• Ben 10: Ben's grandad belongs to the Plumbers, an MIB-like organization. In the latter series, it's revealed they're basically the Galactic Police, with every government on Earth respecting their authority in situations involving aliens.
  • Lampooned in The Simpsons, with intelligence agency vans disguised as "Two Guys From Quantico Pizza" and "Flowers By Irene".

Real Life

  • There are cases, such as that of Stella Rimington, former head of MI 5, where all of one's friends know that she works for the government, but her actual position is a secret.
    • Completely averted in the case of real-life MI 6, whose headquarters are a very nice building on the river Thames that is actually listed in guidebooks as the headquarters of British Intelligence.
  • Contrary to certain media, most Intelligence Officers ("Spies" work for the enemy) take advantage of Diplomatic Immunity by officially being the "Assistant Press Attache" or a similar non-job in an embassy.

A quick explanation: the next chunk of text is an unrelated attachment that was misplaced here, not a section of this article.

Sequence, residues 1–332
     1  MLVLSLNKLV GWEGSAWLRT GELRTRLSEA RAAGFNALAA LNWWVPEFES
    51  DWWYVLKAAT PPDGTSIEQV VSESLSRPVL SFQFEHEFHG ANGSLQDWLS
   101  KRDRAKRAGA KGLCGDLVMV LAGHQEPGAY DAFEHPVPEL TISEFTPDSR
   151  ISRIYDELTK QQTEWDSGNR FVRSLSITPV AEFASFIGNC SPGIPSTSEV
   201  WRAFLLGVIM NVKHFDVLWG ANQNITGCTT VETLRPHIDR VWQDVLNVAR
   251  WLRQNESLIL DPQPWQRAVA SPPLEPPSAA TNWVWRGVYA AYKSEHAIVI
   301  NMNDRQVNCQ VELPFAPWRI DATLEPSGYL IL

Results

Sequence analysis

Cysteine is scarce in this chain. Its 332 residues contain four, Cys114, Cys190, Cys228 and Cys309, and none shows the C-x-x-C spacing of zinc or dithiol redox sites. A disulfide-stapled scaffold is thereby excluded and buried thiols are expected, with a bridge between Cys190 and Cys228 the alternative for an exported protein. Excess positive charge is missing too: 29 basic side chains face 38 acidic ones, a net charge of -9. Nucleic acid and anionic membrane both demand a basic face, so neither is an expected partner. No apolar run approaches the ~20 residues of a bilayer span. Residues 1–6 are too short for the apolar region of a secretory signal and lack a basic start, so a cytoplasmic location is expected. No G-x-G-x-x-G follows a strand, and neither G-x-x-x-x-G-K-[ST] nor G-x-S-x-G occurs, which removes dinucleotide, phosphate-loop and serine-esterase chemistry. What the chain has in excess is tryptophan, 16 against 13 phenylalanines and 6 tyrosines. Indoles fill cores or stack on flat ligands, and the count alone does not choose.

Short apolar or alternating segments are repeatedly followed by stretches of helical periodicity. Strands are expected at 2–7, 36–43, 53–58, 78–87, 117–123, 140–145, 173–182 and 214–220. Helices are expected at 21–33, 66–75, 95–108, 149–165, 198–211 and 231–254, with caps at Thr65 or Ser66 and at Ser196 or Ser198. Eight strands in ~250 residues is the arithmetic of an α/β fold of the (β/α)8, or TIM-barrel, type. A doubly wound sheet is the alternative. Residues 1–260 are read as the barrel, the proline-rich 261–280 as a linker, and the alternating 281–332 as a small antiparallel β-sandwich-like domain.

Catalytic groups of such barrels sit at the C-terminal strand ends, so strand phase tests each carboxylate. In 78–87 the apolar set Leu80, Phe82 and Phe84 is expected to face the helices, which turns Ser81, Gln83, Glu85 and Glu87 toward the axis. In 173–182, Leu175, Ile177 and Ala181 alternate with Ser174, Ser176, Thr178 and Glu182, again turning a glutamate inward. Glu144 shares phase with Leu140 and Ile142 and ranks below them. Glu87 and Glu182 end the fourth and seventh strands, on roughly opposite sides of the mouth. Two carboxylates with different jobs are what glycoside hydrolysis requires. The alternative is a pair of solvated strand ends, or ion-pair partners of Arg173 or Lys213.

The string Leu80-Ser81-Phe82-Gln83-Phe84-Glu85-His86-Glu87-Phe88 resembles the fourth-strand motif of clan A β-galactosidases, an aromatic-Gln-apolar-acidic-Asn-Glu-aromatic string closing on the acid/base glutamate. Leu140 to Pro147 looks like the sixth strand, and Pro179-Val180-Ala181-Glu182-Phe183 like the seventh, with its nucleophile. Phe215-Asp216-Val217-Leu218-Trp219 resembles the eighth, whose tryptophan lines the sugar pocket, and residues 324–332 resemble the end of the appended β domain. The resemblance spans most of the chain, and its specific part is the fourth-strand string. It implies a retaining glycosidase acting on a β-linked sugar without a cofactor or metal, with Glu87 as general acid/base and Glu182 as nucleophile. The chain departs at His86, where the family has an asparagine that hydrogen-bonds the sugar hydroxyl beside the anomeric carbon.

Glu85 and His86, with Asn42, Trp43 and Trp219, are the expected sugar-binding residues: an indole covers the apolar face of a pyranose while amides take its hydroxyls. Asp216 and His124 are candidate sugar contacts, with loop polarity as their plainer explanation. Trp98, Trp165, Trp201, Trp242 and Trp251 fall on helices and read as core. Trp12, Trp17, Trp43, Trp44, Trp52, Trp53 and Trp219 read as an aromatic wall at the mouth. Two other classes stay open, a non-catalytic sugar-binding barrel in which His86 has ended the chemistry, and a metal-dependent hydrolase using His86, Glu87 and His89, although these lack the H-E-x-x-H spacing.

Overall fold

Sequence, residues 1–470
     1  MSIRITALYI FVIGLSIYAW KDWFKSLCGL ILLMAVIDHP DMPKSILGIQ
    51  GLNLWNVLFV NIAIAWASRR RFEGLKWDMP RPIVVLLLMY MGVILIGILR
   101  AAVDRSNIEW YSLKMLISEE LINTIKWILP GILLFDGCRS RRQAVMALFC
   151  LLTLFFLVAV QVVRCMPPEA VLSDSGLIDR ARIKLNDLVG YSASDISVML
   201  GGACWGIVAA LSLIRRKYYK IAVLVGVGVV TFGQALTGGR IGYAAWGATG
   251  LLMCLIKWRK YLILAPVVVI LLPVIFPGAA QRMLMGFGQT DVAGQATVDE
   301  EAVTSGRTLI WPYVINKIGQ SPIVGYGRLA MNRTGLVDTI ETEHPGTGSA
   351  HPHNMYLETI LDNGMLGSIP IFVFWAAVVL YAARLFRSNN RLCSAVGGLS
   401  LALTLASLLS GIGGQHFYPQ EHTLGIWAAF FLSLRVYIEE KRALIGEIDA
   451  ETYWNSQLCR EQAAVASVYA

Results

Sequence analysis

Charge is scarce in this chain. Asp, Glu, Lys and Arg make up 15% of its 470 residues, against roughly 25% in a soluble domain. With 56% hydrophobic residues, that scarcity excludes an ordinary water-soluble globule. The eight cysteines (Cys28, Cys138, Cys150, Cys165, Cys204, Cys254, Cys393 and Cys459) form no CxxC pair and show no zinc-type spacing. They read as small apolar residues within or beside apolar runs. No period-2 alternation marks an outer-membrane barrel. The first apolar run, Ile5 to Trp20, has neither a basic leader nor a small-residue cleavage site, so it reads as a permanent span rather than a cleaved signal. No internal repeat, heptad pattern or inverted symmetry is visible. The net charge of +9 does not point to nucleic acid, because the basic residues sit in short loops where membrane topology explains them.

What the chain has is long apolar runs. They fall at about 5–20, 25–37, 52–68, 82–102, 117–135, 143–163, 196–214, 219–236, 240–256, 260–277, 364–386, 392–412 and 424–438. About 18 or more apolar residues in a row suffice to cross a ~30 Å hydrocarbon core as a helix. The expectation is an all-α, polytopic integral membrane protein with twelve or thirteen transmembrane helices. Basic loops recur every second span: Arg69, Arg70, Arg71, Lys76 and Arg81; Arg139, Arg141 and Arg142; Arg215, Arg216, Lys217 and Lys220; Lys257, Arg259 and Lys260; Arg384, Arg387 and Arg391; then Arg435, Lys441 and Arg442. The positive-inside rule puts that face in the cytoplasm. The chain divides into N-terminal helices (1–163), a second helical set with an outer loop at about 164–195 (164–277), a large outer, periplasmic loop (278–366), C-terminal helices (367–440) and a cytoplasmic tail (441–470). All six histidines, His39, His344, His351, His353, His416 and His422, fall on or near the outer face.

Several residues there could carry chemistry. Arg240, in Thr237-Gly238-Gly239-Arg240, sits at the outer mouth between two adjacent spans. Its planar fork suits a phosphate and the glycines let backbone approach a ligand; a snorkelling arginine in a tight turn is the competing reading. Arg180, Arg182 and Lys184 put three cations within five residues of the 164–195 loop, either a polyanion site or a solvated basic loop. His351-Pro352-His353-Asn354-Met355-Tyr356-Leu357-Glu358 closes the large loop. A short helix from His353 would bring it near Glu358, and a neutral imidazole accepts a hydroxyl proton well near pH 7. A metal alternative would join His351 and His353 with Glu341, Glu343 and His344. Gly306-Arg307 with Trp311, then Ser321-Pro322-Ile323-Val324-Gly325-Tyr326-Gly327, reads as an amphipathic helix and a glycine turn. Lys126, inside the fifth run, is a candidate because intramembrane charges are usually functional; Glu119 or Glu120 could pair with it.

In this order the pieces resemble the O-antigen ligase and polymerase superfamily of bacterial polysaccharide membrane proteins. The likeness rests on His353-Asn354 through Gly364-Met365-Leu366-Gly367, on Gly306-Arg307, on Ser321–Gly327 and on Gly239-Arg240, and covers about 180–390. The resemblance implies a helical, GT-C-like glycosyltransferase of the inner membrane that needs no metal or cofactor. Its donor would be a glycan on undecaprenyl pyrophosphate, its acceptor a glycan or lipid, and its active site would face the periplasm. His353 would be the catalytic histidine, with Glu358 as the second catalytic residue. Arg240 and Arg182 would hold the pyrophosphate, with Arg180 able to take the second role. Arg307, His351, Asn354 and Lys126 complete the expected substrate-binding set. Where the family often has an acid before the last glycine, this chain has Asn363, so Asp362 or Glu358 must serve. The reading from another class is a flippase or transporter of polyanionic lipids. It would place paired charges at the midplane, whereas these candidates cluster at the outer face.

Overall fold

• Three quarters of the people in Soviet embassies were spies - with every single one in the military section being a GRU officer, and most of the remaining quarter working for KGB in their free time. The sole exception to the above was often the Military Attache himself, who was often an older man, not always in perfect sound mind, but with a chestful of medals won in World War II. He literally did nothing - not secret, not open - except participate in memorial ceremonies. One of the Soviet military attaches in Canada in The Eighties didn't even bother with that; he acted like his posting was a never-ending vacation. The scuttlebutt of the time was that he had something on someone, and given his standing and great age maybe he did.
    • A CIA officer's cover (whether working abroad or at headquarters) might be (theoretically) assigned not only to the usual suspects (Department of State, Defense, Homeland Security) but also some weirder ones (e.g. Department of Agriculture, Department of Commerce, and yes, perhaps even the Bureau of Weights and Measures), as well as private US corporations (not naming names). Similarly, an SIS officer might easily be assigned to a quango with business abroad (the British Council in any country is notorious for being riddled with spies—probably even more so than even the British Embassy) or at home (if working at Vauxhall Cross).